The Demonic Origins of Ventriloquism

It may not surprise you to know that the popular entertainment has some very dark roots.

A ventriloquist and his dummy. (Photo: Everett Collection/shutterstock.com)

You might not think of Lamb Chop, the adorable hand puppet that graced the appendage of world-famous ventriloquist Shari Lewis or the impertinent wooden dummies operated by Edgar Bergan as having ancestors, but they do.

One of them is a snake in a human mask. But let’s back up.

Ventriloquism—altering your voice to make it sounds like it’s coming from somewhere else—is familiar to most as entertainment. Performers beguile audiences by making their voices seem like they belong to a dummy (or some other figure like Lamb Chop), chatting with their playful, inanimate partner. It was a smash on the vaudeville stage and stayed popular through the 60s. The heyday has passed, but there are still bold name acts like comedian Jeff Dunham, who tours the world and makes frequent television appearances, such as one on 30 Rock in which his character’s dummy calls Liz Lemon a “ferret-faced skank”.

But ventriloquism is not a modern art—it dates back to at least the classical Greece, when it really freaked people out.

An engraving from 1806 showing "Edw[ar]d Kelly, a Magician. in the Act of invoking the Spirit of a Deceased Person." (Photo: Public Domain)

Back then, ventriloquists were called “engastrimyths”. Writes Steven Connor in his book Dumbstruck: A Cultural History of Ventriloquism, this was a mashup of “en in, gaster the stomach, and mythos word or speech.” Basically, people believed engastrimyths had demons in their stomachs who belched words from their host’s mouths. Engastrimyths plied their trade for entertainment (what could be more thrilling than demonic tummy talk?) and as divination. Pioneering ventriloquist Valentine Vox writes in his book I Can See Your Lips Moving: The History and Art of Ventriloquism that the art’s roots lie in necromancy—the ancient art of allowing a dead person’s spirit to enter the necromancer and speak to the living.

Any way you slice it, the supernatural was involved. But back to the snake.

A medium conducting a seance in 1900. (Photo: Library of Congress/LC-DIG-ggbain-03135)

In 150 A.D., a man called Alexander of Abonoteichus captivated contemporaries when he discovered a talking serpent with a human head. Not so captivated was the skeptical writer Lucian, who declared that the head was made from linen, mounted on a snake's body, and made to speak through a tube operated by a concealed assistant. While not ventriloquism, it was an early use of a “dummy” to focus the audience’s attention on a miraculous voice. (Thankfully, animal carcasses have been phased out of modern interpretations.)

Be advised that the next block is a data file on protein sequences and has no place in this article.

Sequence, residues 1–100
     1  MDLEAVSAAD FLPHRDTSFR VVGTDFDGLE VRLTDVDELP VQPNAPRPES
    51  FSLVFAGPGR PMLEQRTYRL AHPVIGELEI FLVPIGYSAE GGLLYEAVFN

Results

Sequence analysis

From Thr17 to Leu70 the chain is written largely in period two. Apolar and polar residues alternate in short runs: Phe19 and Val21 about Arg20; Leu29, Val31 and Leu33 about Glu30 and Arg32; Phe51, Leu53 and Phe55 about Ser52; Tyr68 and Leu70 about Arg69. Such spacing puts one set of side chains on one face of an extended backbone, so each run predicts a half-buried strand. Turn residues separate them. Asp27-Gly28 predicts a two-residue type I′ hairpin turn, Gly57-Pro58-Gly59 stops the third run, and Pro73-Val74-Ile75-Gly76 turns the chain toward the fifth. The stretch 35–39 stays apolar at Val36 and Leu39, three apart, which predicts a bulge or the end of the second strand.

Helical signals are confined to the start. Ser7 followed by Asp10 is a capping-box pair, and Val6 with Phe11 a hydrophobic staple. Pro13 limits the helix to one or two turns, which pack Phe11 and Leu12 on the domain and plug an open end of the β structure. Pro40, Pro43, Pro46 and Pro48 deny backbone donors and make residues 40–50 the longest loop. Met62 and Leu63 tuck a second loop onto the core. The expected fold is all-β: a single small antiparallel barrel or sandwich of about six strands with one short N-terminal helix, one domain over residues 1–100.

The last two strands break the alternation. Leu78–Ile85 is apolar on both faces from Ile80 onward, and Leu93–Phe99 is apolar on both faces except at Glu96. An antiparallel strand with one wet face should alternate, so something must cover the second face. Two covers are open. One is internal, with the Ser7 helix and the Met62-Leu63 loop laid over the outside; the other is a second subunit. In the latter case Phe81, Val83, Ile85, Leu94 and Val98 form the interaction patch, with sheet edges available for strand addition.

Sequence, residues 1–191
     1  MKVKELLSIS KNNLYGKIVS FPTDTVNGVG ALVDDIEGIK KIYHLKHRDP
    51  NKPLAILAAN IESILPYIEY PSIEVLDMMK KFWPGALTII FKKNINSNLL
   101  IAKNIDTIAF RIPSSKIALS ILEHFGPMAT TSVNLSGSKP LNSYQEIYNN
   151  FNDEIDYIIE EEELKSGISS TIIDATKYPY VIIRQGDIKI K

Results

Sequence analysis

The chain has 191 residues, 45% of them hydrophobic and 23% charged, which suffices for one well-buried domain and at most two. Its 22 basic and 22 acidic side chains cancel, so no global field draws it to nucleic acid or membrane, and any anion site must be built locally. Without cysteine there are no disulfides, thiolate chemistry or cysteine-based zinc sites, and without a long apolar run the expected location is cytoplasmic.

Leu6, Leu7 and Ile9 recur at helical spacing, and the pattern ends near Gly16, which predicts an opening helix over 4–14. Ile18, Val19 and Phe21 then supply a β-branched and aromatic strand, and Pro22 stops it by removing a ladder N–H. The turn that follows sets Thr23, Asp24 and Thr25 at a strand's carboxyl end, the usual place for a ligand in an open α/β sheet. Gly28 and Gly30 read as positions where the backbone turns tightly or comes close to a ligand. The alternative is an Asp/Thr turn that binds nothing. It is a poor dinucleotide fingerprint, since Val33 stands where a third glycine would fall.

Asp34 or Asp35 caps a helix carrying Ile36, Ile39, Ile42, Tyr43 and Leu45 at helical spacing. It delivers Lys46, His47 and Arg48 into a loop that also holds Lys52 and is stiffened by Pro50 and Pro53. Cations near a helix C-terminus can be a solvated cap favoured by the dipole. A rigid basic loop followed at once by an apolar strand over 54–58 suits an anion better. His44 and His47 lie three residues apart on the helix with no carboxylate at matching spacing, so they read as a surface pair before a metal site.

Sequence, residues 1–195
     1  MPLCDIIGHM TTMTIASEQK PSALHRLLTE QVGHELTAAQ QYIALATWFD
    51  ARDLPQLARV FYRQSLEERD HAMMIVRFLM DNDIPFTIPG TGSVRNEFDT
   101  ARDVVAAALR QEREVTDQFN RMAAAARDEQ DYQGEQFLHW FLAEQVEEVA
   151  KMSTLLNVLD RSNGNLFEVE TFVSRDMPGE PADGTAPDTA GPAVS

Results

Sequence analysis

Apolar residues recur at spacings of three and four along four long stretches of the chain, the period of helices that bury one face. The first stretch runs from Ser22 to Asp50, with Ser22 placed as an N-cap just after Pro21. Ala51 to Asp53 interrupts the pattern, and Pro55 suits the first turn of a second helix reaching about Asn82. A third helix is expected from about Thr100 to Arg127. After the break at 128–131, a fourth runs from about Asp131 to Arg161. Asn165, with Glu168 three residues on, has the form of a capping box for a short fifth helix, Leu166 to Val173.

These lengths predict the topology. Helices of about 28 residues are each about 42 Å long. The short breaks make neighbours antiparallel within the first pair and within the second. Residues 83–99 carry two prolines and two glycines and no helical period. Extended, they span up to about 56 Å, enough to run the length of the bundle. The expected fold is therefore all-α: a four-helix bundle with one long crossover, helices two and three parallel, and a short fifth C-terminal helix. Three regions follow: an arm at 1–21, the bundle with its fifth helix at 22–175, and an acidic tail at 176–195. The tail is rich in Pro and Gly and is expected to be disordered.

Fast forward a couple centuries, and voices from nowhere became associated with another unpopular trend—possession and witchcraft, both circumstances that tended to come with a lot of vocal acrobatics. Not surprisingly, this didn’t mean great things for ventriloquists. During the Reformation there was a nun named Elizabeth Barton in Kent whose ventriloquial prophecies were well-known. But when she uttered a supposedly divine statement that King Henry VIII shouldn’t marry Anne Boleyn, her popularity plummeted with the audience that mattered most—the king. Barton was hanged; Henry got married.

Christianity took a particularly dim view of ventriloquism in the 16th century, when witch trials swept through Europe, believing it was “to be regarded a practice spawned by hell itself” according to Vox. Disgruntled God-fearers believed mysterious voices emanated from any number of holes in the ventriloquists body—from the vagina to the nostrils. Sometimes even other animals found their way into the body. An account of the possession of a boy in 1500s England declared baying hounds could be heard in his stomach.

The titles in the trailer for the 1964 film Devil Doll. (Photo: Movieclips Trailer Vault/YouTube)

By the 18th century, ventriloquists were largely cleared of demonic dealings, and performers started drawing large European audiences. (Dummies still weren’t standard, and wouldn’t be until the end of the 19th century.) But people still looked askance at them—they could be tricksters, after all. An alarmed citizen wrote a letter to the New York Times in 1910 decrying the popularity of mediums who purported to speak to the dead, scofflaws the writer called “trumpet mediums” for a trick in which ghosts spoke through musical instruments and other means. “The trumpet medium,” declared the concerned party, “has as her confederate both men and women who are ventriloquists.”

Legendary Broadway critic Walter Kerr wrote of a 1977 Greenwich Village cabaret act featuring ventriloquism, “Do you realize what an ominous presence a ventriloquist's dummy can be, often is?” He compared them to Frankenstein’s monster and the artist’s fear their creation could destroy them.

Filmmakers haven’t been able to resist musing on the horror of the dummy, either. A ventriloquist gripped with insanity appeared in 1945’s Dead of Night, and in 1964’s Devil Doll, a demonic dummy successfully swaps bodies with his master. Anthony Hopkins played a ventriloquist named Corky who commits murder with his animate dummy, Fats, in 1978’s Magic, and in 2007 the creators of the Saw franchise offered audiences Dead Silence in which an evil ventriloquist turns human victims into marionettes.

Big screen splatter-fests aside, today’s ventriloquists and their sidekicks have come a long way from suspicion and spirits.

After Lamb Chop’s creator, Lewis, passed away in 1998, her daughter Mallory continued performing with the puppet at fairs, art centers, and for military families. The precocious sheep was rewarded for this service when the marines made her a three-star general.